- The annual percentage rate factors can inform borrowers how much they will owe in interest and other charges over the course of a loan.
- APRs commonly apply to multiple types of loans including mortgages, auto loans, and credit cards.
- Knowing how APR works can put you in a better position for financial success.
When watching a commercial for a new credit card, auto loan, or mortgage loan, you’re likely to come across the term “annual percentage rate” or “APR.” Typically, the credit card company or lender will squeeze this term in somewhere at the end of the advertisement when they’re discussing the various terms and conditions.
If you’ve ever wondered what the annual percentage rate is or how to calculate APR, you’re in luck. Today, we’re here to provide a complete breakdown of different APRs and how to calculate them so you can better plan for your financial future.
Defining and Learning How to Calculate APR
According to the credit bureau Experian, the annual percentage rate (APR) “is the interest rate lenders charge when you borrow money. APR incorporates the interest the bank or finance company will charge, plus fees and other costs, into a single percentage rate that helps you determine how much the loan or credit card will actually cost you in a year.”
Therefore, APR is a far better indicator than just the annual interest rate of the total cost of a loan, mortgage, or credit card.
The formula used to calculate APR is:
APR = (((Fees + Interest)/Principal)/n) *365) x 100
Interest represents the total interest paid over the life of the loan. Fees are all the other charges associated with the loan along with any other additional costs. The principal is the total loan amount. “N” stands for the number of days in the loan term.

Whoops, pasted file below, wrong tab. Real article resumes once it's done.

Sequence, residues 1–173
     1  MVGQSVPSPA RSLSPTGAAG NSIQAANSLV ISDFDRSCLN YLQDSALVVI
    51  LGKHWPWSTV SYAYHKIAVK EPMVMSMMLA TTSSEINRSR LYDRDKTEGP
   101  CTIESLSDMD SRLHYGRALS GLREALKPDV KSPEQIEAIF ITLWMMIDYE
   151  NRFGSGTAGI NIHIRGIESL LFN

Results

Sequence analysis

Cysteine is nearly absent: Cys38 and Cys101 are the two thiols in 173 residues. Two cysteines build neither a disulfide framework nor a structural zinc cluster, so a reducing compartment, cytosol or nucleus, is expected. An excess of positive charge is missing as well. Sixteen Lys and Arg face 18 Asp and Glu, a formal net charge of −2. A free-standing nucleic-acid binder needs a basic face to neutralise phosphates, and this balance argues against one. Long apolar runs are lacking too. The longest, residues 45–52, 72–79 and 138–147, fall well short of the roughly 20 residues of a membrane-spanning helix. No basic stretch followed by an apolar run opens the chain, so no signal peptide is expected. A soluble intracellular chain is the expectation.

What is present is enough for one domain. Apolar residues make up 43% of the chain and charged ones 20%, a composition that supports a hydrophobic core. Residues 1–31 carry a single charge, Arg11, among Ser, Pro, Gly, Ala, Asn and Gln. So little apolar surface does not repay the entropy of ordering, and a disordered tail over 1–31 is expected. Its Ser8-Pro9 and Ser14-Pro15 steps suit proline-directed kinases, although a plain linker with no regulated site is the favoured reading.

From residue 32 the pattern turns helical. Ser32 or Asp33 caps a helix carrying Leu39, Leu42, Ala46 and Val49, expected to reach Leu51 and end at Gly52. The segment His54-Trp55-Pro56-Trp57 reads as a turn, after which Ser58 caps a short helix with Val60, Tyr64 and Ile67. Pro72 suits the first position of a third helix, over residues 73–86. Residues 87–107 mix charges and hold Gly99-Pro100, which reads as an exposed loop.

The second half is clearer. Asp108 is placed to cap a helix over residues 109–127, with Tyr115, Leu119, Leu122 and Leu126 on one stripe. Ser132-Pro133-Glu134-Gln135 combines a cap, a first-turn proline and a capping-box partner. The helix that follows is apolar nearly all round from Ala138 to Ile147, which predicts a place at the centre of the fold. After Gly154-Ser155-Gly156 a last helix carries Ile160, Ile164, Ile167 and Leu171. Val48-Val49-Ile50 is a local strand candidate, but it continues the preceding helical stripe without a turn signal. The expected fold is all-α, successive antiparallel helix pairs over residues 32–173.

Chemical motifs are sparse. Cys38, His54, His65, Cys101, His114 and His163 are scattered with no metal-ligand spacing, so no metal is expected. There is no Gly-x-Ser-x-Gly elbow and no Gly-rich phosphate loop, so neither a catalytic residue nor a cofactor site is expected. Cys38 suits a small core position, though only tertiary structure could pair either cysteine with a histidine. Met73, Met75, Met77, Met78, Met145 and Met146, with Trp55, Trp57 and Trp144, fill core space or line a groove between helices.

The steps to calculate APR are:
- Add up total interest paid over the life of the loan and all additional fees.
- Divide this answer by the number of days in the loan term. So if it is a 10-year term, the number of days is 3,650 (10 x 365). This gives you the daily cost of borrowing.
- Multiply your answer in #2 by 365, which gives you the annualized rate.
- Multiply your answer in #3 by 100 to give you a percentage rate and the APR (the “Annualized Percentage Rate”) cost of borrowing.
So, calculating APR is an excellent way to see how much you are being charged for borrowing (including interest and fees), expressed as a percentage of the principal you borrowed. This is one of the benefits of using APR.
APR is a useful tool when choosing between different lenders (mortgage, auto, credit card) because each lender has to follow the same calculation. When shopping for the best rates, you can use the APR for an “apples-to-apples” comparison of the cost of borrowing for each lender.
Knowing this “apples-to-apples” cost of borrowing with the APR, you can also compare other factors of the loans you’re considering, such as the term (for how long you’ll make payments), the trade-in value of your car, or even whether any rewards you’ll earn when opening the credit card are worthwhile.
Lenders are required to disclose the APR, the interest charges and fees included, and how it is calculated — so review the disclosures closely. Typically, consumers see APR conveyed for three different types of lending: mortgages, auto loans, and credit cards.
If you’re trying to save for and buy a house, the mortgage APR should be a primary concern. Not only does the APR account for interest charges, but can also consider items such as:
- Mortgage broker fees
- Origination fees
- Points, which are fees you can pay to the lender at closing to reduce the interest rate
- Closing costs
- Other expenses associated with the loan
When looking at mortgage APRs, you may come across adjustable-rate loans and fixed loans. An adjustable-rate mortgage is one with a fluctuating interest rate. The interest rate will vary at some point in the life of the loan, typically as a result of your credit score. The fluctuating rate can alter the total amount of interest the borrower will end up paying.
Typically, lenders will establish a fixed rate for an initial period. After this period expires, the variable rate kicks in, so the rate resets periodically. Some lenders may reset the rate annually while others may do it monthly.
Fixed-rate mortgage loans are much more straightforward. The rate remains the same throughout the term of the loan.